Optimizing Facebook & Instagram Ads campaigns poses various challenges for every performance marketer. One challenge arises particularly often, though: the optimization cycle. Unlike working with Google Ads, where optimization is keyword-based, optimizing Facebook & Instagram Ads rests more on target groups and advertising material. Accordingly, the management of their Facebook Ads campaigns presented the team at nu3 with many challenges: When do I optimize too much or too little? What is the maximum frequency of my advertising material? How do I manage target groups in the event of seasonality? Together with Robert Sünderhauf and Elodie Eliot from nu3, we addressed these challenges and developed a new framework for the perfect optimization cycle regarding Facebook Ads.
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Not surprisingly, there are 1001 „truths“ about the optimization cycle of Facebook & Instagram Ads. As is the case with any perfect account structure, a meaningful setup is key here as well. In order to work out the perfect optimization cycle for a given Facebook Ads setup, we teamed up with Robert and Elodie from nu3 to develop the following questions:
Of course, every strategy must match seasonality alignments as well as the choice of conversion and advertising types. Nu3 faced in particular the following problems:
But how do you know that a given campaign has gathered enough data? When should it be paused, restarted or stopped entirely? Together with Nu3, we have developed a smart approach to the perfect optimization cycle!
Using as an example the “Crunchy Peanut Butter Campaign”, an all-season successful evergreen product, we will present our approach to the perfect optimization cycle.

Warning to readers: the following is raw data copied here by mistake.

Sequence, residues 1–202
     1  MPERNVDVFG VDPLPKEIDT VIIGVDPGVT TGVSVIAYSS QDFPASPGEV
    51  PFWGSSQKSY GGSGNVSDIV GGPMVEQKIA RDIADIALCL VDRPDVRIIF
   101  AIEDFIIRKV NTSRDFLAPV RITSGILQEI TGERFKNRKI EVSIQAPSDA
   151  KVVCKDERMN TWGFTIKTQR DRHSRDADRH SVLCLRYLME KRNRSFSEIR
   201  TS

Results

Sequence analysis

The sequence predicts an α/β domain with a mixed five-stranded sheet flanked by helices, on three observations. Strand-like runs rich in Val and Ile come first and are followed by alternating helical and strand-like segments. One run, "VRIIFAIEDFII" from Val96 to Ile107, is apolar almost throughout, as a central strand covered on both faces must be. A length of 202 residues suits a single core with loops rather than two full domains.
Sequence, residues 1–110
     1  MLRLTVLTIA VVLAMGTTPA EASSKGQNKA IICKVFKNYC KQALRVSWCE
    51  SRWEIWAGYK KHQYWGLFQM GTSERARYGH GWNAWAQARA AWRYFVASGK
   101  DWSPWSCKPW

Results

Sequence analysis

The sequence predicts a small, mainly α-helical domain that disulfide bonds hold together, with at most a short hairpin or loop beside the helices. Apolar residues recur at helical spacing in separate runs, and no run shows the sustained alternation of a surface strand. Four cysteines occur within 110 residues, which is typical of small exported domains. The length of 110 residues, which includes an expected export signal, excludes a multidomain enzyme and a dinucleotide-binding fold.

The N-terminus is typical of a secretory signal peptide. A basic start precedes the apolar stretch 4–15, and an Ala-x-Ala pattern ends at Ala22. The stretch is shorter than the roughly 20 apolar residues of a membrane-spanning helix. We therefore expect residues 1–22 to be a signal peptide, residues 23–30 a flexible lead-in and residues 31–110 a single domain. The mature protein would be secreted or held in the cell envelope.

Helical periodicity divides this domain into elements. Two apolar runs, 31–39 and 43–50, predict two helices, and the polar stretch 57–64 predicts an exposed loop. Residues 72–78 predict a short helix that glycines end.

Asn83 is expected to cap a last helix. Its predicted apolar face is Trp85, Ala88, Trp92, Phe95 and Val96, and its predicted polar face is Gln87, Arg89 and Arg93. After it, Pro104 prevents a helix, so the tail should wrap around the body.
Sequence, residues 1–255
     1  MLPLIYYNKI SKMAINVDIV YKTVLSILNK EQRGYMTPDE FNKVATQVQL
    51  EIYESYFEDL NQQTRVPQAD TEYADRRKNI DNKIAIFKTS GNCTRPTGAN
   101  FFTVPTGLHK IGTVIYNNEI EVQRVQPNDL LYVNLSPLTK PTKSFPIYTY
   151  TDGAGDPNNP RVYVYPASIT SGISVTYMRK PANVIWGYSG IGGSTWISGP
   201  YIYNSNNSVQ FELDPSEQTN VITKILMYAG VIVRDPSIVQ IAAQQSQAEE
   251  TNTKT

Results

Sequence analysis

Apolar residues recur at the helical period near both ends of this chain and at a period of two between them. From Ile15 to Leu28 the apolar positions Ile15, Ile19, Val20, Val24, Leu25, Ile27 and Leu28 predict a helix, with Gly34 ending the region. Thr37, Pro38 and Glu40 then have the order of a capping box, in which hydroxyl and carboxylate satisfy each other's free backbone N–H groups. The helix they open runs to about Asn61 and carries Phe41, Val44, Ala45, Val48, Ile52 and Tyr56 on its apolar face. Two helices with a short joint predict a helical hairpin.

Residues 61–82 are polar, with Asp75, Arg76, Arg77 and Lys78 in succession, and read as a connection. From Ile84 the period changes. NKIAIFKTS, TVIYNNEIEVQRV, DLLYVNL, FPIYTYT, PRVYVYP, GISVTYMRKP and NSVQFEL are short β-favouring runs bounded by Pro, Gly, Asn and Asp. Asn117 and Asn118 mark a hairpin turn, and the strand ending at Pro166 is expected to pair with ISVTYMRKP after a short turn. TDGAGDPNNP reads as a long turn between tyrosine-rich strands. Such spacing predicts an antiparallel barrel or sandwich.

First, we set the campaign to have no end date, thereby not having to pause or restart it. Accordingly, the campaign would be able to run indefinitely. As we were dealing with an evergreen product that could be marketed all year round, we opted for a 4-week optimization cycle. The following parameters were to be optimized:
After our analysis, operating on a four-week basis, we evaluated those three above-mentioned parameters in the third week and made adjustments from the fourth week on. In a second round, we evaluated the same three parameters in the third week and made adjustments from the fourth week on again. After just two optimization cycles, we were able to increase sales by 20% while lowering advertising costs, thereby increasing the ROAS by up to 15%.
Applying to all campaigns, we recommend an optimization cycle based on the number of clicks and conversion events. For the perfect optimization cycle, we always recommend nClicks => 1,000 as well as conversion events that are set individually matching the respective industry. In the case of nu3, for example, the conversion events were decided to equal 15 purchases. Depending on the budget and cost per click (or cost per conversion), the number of days / weeks adjusts to the aforementioned optimizations.
Conclusion: It is important to let Facebook “learn” from how people interact with your campaigns. Only in this way can your campaigns be successfully implemented, controlled and optimized. The aforementioned learning phase is also important in order for you to understand the effects of the respective optimizations later on and to draw useful learnings for future campaigns. A meaningful structure lies at the basis of every strong setup. If campaigns are not set up according to a coherent structure, it is difficult to optimize them based on predefined key figures. What is more, your campaigns run the risk of quickly resembling a game of chance. If you have any questions concerning the optimization cycle on Facebook, we are happy to help you.